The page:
Taking on the Criminal Justice System After Spending 18 Months In Jail for a Crime He Didn't Commit

Victoria Law
September 6, 2017

Josh Glenn presents a workshopJoshua Glenn was 16 years old when police officers arrested and charged him with aggravated assault with a weapon. “They tried to say I shot a guy,” said Glenn.

It was 2005. Nine years earlier, in 1996, Pennsylvania passed Act 33, requiring teenagers as young as 15 who are charged with certain violent crimes, such as aggravated assault, to be automatically prosecuted as adults. Glenn was charged as an adult; his bail was set at $20,000. His mother, a widow raising seven children on her own, would have had to pay ten percent (or $2,000) to secure her son’s freedom. She didn’t have $2,000, so Glenn was sent to Philadelphia’s House of Correction to await his day in court. He ended up spending 18 months behind bars before the charges were dismissed.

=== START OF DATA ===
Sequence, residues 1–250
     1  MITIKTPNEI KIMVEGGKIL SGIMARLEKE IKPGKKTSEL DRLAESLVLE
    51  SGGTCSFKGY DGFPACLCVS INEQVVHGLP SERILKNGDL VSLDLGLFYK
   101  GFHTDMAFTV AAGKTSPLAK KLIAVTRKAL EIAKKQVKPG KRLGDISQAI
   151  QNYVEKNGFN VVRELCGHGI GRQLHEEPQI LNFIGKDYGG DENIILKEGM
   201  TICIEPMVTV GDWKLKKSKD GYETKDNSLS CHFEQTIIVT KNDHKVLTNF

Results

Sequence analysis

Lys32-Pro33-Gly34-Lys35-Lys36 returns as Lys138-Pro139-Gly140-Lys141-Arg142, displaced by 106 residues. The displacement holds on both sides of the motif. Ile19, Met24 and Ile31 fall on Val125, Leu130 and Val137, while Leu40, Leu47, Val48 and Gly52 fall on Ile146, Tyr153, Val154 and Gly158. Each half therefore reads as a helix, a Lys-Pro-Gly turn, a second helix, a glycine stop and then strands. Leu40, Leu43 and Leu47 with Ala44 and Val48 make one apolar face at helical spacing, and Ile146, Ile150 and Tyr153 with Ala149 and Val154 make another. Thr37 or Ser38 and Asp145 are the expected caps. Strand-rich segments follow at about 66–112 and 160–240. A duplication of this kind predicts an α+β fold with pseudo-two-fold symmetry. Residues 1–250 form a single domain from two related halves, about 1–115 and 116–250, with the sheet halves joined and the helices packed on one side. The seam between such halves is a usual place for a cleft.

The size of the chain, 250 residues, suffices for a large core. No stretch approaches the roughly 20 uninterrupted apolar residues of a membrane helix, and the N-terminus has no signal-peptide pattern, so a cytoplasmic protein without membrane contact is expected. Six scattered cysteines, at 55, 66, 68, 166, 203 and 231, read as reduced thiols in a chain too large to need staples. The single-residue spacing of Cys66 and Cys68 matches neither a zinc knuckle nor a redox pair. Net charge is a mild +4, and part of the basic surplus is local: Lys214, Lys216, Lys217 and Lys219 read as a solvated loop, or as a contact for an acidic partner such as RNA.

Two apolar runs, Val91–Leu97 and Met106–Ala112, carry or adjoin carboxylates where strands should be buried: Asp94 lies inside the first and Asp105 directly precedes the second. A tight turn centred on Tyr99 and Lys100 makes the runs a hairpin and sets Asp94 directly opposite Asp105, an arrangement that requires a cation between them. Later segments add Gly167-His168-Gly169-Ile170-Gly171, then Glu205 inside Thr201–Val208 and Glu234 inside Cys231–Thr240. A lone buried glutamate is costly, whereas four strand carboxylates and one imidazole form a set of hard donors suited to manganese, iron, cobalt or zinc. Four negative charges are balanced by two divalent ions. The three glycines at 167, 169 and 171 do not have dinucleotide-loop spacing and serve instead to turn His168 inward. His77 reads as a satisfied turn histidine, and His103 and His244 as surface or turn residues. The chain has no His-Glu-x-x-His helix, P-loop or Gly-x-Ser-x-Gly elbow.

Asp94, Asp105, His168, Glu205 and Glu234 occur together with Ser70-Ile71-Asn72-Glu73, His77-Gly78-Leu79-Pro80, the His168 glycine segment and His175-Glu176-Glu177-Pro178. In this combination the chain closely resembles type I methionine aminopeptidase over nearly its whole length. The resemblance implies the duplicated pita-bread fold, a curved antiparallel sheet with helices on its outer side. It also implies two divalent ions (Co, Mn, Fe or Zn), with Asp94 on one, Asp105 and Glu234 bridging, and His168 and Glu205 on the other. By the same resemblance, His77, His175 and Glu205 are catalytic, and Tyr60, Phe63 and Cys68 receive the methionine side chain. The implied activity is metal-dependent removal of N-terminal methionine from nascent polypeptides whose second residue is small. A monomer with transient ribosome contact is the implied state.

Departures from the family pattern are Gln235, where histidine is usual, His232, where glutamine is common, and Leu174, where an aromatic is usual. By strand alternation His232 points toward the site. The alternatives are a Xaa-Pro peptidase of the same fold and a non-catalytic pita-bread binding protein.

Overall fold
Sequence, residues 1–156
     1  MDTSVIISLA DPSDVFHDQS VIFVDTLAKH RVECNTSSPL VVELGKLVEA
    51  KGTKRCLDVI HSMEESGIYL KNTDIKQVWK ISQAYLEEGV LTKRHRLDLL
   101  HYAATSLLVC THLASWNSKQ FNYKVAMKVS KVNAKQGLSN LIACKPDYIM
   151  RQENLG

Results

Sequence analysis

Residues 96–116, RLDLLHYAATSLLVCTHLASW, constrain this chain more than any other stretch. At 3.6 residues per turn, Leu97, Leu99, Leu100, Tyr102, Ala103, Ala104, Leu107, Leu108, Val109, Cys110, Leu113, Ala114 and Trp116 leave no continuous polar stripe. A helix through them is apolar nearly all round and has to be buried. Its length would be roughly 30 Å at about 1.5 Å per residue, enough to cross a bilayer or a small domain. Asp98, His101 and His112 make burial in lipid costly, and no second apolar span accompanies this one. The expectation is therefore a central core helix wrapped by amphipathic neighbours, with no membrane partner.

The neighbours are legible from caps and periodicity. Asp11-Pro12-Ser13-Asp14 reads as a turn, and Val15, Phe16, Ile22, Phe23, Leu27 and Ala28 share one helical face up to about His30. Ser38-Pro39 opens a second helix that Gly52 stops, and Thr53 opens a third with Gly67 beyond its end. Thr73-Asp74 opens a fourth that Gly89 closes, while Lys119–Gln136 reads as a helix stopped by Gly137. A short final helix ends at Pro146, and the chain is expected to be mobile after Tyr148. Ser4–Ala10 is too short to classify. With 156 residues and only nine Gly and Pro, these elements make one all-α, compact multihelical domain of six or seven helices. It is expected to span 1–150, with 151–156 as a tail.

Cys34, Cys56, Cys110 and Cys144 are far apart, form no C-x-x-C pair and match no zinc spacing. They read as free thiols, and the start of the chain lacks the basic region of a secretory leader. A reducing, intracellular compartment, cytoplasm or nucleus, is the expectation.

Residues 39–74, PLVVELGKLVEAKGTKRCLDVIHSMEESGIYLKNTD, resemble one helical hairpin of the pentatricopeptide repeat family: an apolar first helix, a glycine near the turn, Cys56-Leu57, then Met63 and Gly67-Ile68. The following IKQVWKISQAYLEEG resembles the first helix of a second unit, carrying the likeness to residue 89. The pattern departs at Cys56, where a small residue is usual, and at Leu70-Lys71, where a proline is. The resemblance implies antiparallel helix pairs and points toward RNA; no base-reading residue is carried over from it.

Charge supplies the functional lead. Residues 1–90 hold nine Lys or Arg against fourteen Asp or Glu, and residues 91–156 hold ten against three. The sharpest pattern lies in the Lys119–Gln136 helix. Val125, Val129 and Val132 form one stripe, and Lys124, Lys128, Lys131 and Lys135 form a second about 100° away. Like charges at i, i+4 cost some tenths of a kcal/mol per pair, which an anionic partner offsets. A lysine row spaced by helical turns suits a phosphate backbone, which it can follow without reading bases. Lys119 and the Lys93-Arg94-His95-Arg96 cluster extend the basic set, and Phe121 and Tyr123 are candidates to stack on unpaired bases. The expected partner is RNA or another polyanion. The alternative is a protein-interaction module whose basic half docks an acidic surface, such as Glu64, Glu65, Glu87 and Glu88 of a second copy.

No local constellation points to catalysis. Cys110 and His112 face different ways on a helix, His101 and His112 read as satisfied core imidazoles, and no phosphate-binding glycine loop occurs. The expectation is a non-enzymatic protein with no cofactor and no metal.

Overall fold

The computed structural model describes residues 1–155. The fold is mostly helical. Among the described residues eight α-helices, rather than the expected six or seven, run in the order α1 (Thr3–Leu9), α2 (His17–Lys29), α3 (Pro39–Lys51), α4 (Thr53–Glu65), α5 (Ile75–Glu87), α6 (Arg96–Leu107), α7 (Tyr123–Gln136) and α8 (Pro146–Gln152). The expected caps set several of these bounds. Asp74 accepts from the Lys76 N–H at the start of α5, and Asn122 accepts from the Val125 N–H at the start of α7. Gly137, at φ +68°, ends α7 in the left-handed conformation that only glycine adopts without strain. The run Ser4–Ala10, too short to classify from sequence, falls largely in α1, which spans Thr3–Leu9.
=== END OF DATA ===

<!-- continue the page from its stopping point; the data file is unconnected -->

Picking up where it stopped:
Glenn’s story isn’t exceptional. In Philadelphia alone, 80 percent of the nearly 7,000 people in jail are awaiting trial; in other words, they haven’t been found guilty. Seventy-two percent of those awaiting their day in court are people of color; 70 percent are charged with non-violent crimes. In 2010, 15 percent of the city’s court cases waited more than 120 days for trial.

Each year, 250 to 300 teenagers under the age of 18 are charged as adults. Approximately half continue to adult courts for trial. The average bail assigned for youth held as adults is $248,000, a practice that ensures that many languish behind bars awaiting trial.

The practice isn’t limited to Philadelphia or even Pennsylvania. Nationally, police make 12 million arrests each year. Three-quarters (or nine million) are for misdemeanors. Of the three million arrested for felonies, nearly half are assigned bail amounts that are financially out of reach. This means that, like Glenn, they languish in jail as they await trial. Among those three million, twenty-five percent (or 750,000 people) are ultimately found not guilty. That last number includes people who were able to post bail. Those who could not afford bail will never get back the months, or years, spent behind bars.